- I’ll accept either bet or check, as long as your logic is correct. This was given as the first question to show that even when you’ve listed the factors to be weighed, you won’t necessarily know on which side of the scale to weigh them. A player who has less than the full bet in front of him cannot raise, therefore your bet is safer than usual. However, he may be reluctant to call with his last money, deciding to fold unless he has at least three of a kind. This would make it better to check, since you’ll only get called if you lose.
- Bet. Players tend to call with a pair of aces against another three card draw, especially if the bettor has a loose image. Of course, the fact that this opponent can’t improve to losing hands such as queens-up weighs against your bet. Still, all things considered, this goes on the Bet side of the scale.
- Bet. You can throw your hand away safely if you get raised.
- Check with the intention of calling. Try to lure the bet if you can.
- Bet. This is exactly what you’re hoping for.
- Check. You’d just be betting into trouble with no prospect of gain.
- Check. Unless you can safely lay down your hand to a raise (because your opponent has a tell or because he never bluffs), this can be an expensive bet.
- Bet. You won’t have to pay off a raise. This is similar to #3.
- Bet with the intention of calling a raise. This very profitable play also works well against aggressive players with strong egos.
- Check. Now you have no chance of being called by a lone pair of aces (or less). Being called by a pair of aces is the main reason why a borderline bet with kings-up is profitable.
- Check. As discussed in my Mike Caro’s Book of Tells, a player is less likely to bluff or make marginal calls when a friend or relative is watching. Players fear embarrassment.
- Bet. Timid players who call a lot but seldom raise are about the easiest opponents you can hope for. Bet all your marginal hands into this breed.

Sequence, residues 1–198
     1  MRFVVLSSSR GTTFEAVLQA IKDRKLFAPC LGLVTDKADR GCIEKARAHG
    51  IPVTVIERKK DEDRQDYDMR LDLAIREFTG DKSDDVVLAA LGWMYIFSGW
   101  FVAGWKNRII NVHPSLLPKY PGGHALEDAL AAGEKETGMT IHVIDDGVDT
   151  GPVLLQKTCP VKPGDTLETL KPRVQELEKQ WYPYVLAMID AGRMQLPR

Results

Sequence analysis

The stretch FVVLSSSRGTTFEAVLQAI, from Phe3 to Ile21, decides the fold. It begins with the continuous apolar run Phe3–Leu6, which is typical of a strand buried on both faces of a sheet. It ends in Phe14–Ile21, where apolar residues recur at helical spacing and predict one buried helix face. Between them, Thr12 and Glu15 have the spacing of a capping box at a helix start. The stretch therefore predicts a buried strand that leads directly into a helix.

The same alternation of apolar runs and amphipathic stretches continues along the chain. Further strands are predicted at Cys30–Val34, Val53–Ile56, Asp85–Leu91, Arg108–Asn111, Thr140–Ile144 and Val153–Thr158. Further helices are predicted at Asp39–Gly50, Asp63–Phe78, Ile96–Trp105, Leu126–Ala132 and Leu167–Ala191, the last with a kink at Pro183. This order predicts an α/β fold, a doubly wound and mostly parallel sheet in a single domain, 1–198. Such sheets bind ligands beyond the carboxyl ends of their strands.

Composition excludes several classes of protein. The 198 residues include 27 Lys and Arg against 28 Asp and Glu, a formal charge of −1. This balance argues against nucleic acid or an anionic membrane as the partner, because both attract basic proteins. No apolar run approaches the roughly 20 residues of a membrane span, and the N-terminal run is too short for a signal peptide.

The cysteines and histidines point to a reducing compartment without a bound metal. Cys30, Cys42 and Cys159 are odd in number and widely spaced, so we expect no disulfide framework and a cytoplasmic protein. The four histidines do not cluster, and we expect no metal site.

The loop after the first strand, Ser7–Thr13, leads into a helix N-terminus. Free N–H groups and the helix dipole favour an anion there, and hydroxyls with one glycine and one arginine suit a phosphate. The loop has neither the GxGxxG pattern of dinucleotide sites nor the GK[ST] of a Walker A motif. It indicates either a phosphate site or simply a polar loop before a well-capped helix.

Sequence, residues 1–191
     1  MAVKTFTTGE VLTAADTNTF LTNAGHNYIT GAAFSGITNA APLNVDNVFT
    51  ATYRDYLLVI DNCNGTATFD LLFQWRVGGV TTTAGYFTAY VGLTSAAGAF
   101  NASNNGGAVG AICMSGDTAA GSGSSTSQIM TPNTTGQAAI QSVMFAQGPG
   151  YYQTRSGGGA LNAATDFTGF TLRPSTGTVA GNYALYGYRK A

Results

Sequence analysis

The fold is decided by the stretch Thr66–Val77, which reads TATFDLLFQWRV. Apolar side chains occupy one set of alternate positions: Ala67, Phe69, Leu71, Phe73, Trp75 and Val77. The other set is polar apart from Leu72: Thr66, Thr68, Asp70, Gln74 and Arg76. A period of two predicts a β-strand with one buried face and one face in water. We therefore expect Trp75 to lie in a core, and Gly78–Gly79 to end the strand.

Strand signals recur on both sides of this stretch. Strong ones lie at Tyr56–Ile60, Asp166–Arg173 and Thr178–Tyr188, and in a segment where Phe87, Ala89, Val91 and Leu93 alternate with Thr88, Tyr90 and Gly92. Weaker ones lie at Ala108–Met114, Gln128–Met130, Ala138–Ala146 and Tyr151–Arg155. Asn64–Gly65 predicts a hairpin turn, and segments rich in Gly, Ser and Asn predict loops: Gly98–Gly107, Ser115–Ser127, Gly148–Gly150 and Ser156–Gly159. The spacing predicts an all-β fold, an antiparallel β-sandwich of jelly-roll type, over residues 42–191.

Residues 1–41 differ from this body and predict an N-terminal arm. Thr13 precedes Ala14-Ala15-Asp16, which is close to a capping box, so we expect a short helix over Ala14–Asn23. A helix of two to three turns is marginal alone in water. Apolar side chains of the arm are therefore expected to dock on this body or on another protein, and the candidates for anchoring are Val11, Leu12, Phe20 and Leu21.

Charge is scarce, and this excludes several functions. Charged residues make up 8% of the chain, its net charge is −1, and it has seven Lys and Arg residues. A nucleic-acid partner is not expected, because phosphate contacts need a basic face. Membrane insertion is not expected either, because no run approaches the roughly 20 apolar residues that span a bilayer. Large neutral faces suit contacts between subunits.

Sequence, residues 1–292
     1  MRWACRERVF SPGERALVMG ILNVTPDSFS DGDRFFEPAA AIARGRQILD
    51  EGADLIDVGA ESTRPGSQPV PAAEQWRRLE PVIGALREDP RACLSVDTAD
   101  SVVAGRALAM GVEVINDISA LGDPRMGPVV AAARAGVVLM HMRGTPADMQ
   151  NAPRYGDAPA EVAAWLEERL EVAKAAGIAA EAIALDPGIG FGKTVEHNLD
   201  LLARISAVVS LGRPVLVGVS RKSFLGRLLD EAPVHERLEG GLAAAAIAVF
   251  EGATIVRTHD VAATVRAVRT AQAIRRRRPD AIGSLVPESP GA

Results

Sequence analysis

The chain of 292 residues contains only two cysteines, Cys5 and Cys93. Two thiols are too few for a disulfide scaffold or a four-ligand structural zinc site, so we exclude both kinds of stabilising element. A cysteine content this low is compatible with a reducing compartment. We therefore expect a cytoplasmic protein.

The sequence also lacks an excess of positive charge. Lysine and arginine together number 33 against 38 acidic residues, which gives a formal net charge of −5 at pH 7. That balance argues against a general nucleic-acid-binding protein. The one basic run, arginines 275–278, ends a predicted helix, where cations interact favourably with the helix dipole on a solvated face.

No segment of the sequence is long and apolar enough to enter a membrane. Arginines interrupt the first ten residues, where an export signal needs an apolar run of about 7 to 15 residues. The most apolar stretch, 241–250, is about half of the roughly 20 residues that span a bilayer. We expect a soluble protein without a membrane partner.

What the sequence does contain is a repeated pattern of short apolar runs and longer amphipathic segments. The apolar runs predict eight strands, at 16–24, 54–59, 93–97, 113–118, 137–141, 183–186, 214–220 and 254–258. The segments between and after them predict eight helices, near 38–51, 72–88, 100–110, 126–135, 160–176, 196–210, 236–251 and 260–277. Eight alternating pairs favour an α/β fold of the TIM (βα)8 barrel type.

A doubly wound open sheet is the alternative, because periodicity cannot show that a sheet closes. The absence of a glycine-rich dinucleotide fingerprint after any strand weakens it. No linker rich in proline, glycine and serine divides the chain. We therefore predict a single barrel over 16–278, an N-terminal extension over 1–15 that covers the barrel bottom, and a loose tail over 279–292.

- Bet. Again from Mike Caro’s Book of Tells we know that this is normally an act intended to keep us from betting.
- Check. Another tell. This player has helped his hand and will bet. Your two-step strategy is simple: 1) Check 2) Pass when your opponent bets.
- Check. Maybe he’ll bet and then you’ll know exactly what to do.
- Bet, especially if your opponent is likely to begin with aces. The fact that you discarded an ace makes it harder for him to make trips. That means you’re less likely to be raised and, therefore, your bet is safer. (Unfortunately, the presence of an ace in your hand also makes it less likely that the opponent has a pair of aces to call with.)
- Bet. If your opponent bets and bluffs the appropriate amount of times from game-theory standpoint, you will not be able to profit after checking. (In fact, you’ll lose money because correct strategy here dictates that you call most of the time —in defense of a bluff — and lose most of the time! An exception would be if this opponent frequently began with less than aces and often bets two small pair for value. Then you’d win a larger than normal share by calling. But that’s beyond the scope of this article.)Anyway, you might as well seize the initiative and bet, provided you have reasonable chances of being called by an inferior hand. If your opponent will frequently fold aces-up (which isn’t likely), you might even consider betting for that reason.
- Bet. A classic tell. He doesn’t have anything worth staring at: it’s just an act. Fire into him!
- Bet. Emotionally damaged poker players typically call everything that moves.
- Check. Players who feel they’ve befriended you won’t make marginal calls. Therefore you have nothing to gain by betting, unless you somehow can get aces-up to fold-which is almost impossible in limit poker.
What have we learned?
What was this lesson about? How to play kings-up? No. Draw poker? No.
My message is: Be aware of as many things about an opponent as you can. Everything you analyze will make your bet, call or raise either more or less favorable. Some things are very important, others have almost no bearing, but everything you consider helps at least a little.
My list did not include all that should be contemplated. In fact, the list did not necessarily contain the most important things. It was merely an example of how disciplined thought can help you make the winning choices.
The most important factor governing whether or not you should bet a marginal hand is how your opponent feels about you. If he considers you wild, crazy and bizarre, he’s more likely to call. If he thinks you’re conservative, your marginal bets will be wasted, but you can successfully bluff more often.
There are four main images I use in a poker game: Crazy, angry, drunk, and professional. (Note: That was written in 1982, I stopped my rare experimentation with angry or drunk images in the early 1990s.) In some future book or column, I’ll explain each of these in detail. The art of conveying the right impression is very important in the poker universe. Several articles and poker books mention no-win advertising plays I’ve supposedly attempted. A lot of these stories are exaggerated.
Nevertheless, crazy and erratic is usually the thing to strive for in a limit game. Your opponents find it very intimidating when they can’t figure out what’s coming next. I have, by actual study, determined that nothing surpasses the hourly profit of a good crazy image.
So, if you ask me, sanity doesn’t make sense. — MC